Neil Hazan, BCL’99, LLB’99, was keen to give back to his alma mater. As a partner at Borden Ladner Gervais (BLG), a prominent Montreal law firm, he’s seen firsthand how far a good legal education can go. So it only makes sense that, together with his colleague H. John Godber, BCL’88, LLB’88, he headed an effort that saw BLG raise $400,000 in support of McGill’s Paul-André Crépeau Centre for Private and Comparative Law.
“As a member of McGill’s first trans-systemic class in 1999, the possibility of supporting the Crépeau Centre resonated with me, particularly since quite a bit of our corporate and commercial practice involves interaction between civil law and common law systems in North America and abroad,” says Hazan.
Since its inception in 1975, the Crépeau Centre – founded by a McGill civil law giant, the late Professor Paul-André Crépeau – has encouraged scholars to explore the intersection between these two legal traditions.
“The Centre and its cutting-edge research exemplify McGill’s Faculty of Law’s pioneering spirit,” he says. “BLG was excited about furthering that mission, which seems to be gaining traction in international legal circles, and is helping McGill solidify its reputation as one of the world’s top law faculties.”
In the spring of 2012, the firm’s fundraising initiative began. “I quickly discovered a high level of enthusiasm amongst my colleagues, many of whom are McGill graduates and a handful of whom teach at the Faculty,” says Hazan.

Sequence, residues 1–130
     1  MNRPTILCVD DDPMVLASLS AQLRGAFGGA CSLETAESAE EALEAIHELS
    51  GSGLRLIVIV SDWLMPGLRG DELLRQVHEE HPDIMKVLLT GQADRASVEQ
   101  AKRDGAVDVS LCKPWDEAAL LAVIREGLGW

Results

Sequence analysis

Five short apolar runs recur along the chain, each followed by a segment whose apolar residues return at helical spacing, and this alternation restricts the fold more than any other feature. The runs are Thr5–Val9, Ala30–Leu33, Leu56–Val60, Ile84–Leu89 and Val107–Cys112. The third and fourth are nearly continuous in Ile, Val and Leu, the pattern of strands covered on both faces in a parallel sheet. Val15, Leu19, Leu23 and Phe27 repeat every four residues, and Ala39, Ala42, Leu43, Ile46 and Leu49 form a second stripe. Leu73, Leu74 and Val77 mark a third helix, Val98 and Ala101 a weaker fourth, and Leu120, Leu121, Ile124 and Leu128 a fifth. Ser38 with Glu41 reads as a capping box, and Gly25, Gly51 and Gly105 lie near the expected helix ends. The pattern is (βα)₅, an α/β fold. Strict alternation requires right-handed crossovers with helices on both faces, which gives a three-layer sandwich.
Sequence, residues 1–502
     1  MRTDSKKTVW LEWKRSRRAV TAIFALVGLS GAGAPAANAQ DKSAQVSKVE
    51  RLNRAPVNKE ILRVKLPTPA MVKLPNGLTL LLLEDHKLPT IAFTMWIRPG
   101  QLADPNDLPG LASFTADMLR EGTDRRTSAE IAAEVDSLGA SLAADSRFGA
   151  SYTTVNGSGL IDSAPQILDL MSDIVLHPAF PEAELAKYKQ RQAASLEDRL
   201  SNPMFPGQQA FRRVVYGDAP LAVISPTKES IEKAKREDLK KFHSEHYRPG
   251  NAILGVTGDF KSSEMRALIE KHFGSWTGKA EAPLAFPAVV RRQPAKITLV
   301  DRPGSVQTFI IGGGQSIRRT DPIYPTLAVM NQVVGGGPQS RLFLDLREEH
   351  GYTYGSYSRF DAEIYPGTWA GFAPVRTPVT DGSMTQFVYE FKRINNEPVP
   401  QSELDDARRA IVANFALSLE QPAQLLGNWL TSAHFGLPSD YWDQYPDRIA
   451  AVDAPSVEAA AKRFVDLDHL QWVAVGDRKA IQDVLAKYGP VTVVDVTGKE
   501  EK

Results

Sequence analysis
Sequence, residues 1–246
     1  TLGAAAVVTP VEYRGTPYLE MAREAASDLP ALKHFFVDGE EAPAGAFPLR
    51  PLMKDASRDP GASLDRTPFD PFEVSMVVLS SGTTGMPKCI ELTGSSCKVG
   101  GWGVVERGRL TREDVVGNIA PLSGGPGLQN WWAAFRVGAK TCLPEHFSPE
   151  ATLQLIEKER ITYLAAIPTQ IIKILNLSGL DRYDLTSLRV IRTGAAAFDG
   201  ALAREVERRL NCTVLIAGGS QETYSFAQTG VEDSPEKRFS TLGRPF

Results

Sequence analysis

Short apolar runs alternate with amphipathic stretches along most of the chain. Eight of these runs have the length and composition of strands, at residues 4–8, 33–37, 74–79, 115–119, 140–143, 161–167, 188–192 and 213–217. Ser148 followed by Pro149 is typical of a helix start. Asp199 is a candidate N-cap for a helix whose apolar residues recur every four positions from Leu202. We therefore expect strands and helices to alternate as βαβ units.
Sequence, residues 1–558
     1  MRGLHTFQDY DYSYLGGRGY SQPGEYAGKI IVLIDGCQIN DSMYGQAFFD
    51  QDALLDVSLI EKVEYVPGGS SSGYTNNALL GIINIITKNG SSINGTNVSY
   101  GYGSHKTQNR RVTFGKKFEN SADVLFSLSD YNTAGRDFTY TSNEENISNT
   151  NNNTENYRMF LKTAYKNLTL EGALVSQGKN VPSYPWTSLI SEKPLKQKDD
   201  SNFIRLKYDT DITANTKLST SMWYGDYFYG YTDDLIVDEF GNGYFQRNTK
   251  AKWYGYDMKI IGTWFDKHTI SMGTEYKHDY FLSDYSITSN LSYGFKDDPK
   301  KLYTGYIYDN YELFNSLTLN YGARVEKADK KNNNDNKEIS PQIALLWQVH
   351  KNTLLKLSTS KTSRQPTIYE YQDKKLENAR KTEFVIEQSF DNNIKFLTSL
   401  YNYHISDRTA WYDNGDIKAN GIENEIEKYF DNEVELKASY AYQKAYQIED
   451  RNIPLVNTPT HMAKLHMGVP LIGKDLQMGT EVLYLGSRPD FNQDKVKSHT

Forty-three of BLG’s partners and associates, most of whom are McGill grads, rallied around the cause, and last month the firm announced that it had hit its target.
“We are very pleased both to have reached our objective and to have met our high expectations in terms of contributing to the advancement of work and research in civil and common law,” says John G. Murphy, a managing partner at BLG.
Hazan was proud to give back to an institution that he says has given him a lot. “BLG’s McGill alumni appreciate how the Faculty has helped their careers, and really rose to the occasion,” he explains. “The Faculty prepares its students incredibly well for legal practice by focusing on the right combination of law, policy and, perhaps most importantly, how to tackle legal problems that don’t necessarily pop up in legal statutes and textbooks.
“McGill gives its students the tools they need to excel in real-life situations anywhere.”